JZ Capital has decided to hide from investors

JZ Capital has decided to hide from investors – it says “in the light of the uncertainties about the valuation that results from Covid-19, the company is suspending its monthly NAV announcements until circumstances allow the company to make informed judgements as to value. In addition, for the same reason, further informed commentary about the results for the year ended 29th February 2020 would be impossible. Therefore the usual call between the company and analysts and investors will not be held on this occasion.” This is an extraordinary move on the company’s part and shareholders should voice their disapproval. The company went off-piste and invested hundreds of millions into a property portfolio, wrote it off and now won’t discuss it.

For the year ended 29 February 2020, JZ Capital’s NAV per share fell from $10.04 to $6.14 (in total – $475.7m from $810.2m). Total realisations of $148.2m were made, including: the sale of JZCP’s 80% stake in Avante & Orizon, the sale of Waterline Renewal; and the sale of Priority Express. At the end of February 2020, the portfolio comprised:

  • US micro-cap: 23 businesses, which includes four ‘verticals’ and 15 co-investments, across nine industries.
  • European micro-cap: 13 companies across six countries.
  • US real estate: major assemblages in New York and South Florida

Manager keeps its job

In light of the difficulties that the company has endured, the board has had discussions with its investment adviser, JZAI, about the company’s future. The board believes it is in the company’s best interests that JZAI manages the continued realisation of the company’s assets over an appropriate time period that will maximise their value.”

Property missteps

Within the property portfolio,  the downward valuations of certain properties have been less severe than others, but only one property has maintained its previous carrying value. In the case of two substantial investments, Fulton Mall and Design District, the markdowns at the property level were sufficient to extinguish the company’s entire equity in these properties. “several factors, including the general decline of retail and, in New York, new regulations adversely affecting residential properties, have led to a general softening of the Brooklyn and South Florida real estate markets. In addition, there has been either an inability or delay in executing strategic investment plans. High loan-to-value ratios at the property level have also exacerbated the effect of falling appraisals on the company’s equity value. Nonetheless, it would seem that many of the company’s real estate investments have not been the advantageous purchases they were considered to be, in terms of either price or timing.”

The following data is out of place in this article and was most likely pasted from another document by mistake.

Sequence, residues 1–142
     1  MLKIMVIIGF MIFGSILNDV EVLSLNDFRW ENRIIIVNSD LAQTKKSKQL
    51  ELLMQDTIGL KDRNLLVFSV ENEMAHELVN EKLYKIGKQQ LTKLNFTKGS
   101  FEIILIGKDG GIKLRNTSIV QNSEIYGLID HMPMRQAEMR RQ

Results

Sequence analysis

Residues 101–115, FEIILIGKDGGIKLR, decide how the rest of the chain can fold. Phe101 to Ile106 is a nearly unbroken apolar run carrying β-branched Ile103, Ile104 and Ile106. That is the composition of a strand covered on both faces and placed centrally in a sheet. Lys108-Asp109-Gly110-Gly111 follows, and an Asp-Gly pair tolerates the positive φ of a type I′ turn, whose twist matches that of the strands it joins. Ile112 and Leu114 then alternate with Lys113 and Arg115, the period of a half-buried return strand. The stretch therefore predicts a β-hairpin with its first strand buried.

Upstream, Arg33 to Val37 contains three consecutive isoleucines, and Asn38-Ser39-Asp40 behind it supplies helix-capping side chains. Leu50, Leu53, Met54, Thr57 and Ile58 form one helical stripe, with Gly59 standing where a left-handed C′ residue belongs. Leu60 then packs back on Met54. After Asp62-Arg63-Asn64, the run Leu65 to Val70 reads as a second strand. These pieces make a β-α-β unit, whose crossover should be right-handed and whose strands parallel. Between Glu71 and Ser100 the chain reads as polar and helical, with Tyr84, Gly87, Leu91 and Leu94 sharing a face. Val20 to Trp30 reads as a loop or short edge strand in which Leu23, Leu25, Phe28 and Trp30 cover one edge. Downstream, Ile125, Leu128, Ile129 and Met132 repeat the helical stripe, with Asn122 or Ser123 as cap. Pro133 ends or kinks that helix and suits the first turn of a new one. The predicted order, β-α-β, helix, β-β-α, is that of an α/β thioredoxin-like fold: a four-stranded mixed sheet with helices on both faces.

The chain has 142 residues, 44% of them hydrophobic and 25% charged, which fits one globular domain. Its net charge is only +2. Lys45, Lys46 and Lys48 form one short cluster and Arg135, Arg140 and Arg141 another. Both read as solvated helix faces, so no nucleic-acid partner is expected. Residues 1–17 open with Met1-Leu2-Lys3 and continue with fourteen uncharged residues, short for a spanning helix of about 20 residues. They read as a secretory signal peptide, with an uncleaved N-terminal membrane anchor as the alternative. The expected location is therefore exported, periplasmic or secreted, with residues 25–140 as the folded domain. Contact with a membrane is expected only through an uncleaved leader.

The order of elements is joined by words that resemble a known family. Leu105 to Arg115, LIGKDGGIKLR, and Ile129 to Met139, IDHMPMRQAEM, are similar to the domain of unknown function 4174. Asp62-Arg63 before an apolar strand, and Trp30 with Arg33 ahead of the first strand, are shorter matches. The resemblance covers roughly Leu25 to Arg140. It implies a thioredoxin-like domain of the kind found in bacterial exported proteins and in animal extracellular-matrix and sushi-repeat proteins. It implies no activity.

Further writedowns?

The manager makes no apology but says “Many of our retail tenants have not paid rent in April or May. We are negotiating with our lenders across the portfolio on numerous fronts to allow us to weather the current situation.

As of 29 February 2020, JZCP had approximately $419 million invested in a portfolio of retail, office and residential properties in Brooklyn, New York, and South Florida, which is valued at $159 million as of that date.

The schedule for realizing value in the real estate portfolio has been delayed at least six to twelve months due to the COVID-19 crisis. As you’ve seen, the real estate portfolio has been marked down significantly since we last reported to you in August 2019. The decision by the Board to adopt this markdown was made largely upon the basis of the updated appraisals done by the new appraiser retained by the Company. Unfortunately post year end, COVID-19 has caused severe impairment on certain retail real estate assets which may result in further write- downs. We hope to make progress on realizing some of these values once the market opens up.”

Liquidity problems

With disposal plans impacted by COVID-19 and significant writedowns in the NAV, the trust’s indebtedness becomes a concern. JZCP has a loan from Guggenheim of approximately $150 million (due 12 June 2021), Convertible Unsecured Loan Stock (“CULS”) of approximately £38.9 million (due 30 July 2021) and Zero Dividend Preference Shares (“ZDPs”) of approximately £57.6 million (due 1 October 2022). We have remarked before how strange it was that these maturities are bunched together. The statement says “in view of the uncertainties at least temporarily as to value caused by Covid 19, at Guggenheim’s invitation, the Company and Guggenheim are discussing amendments to the loan agreement with the purpose of ensuring that any risk of breach of covenant that might otherwise occur will be avoided.”

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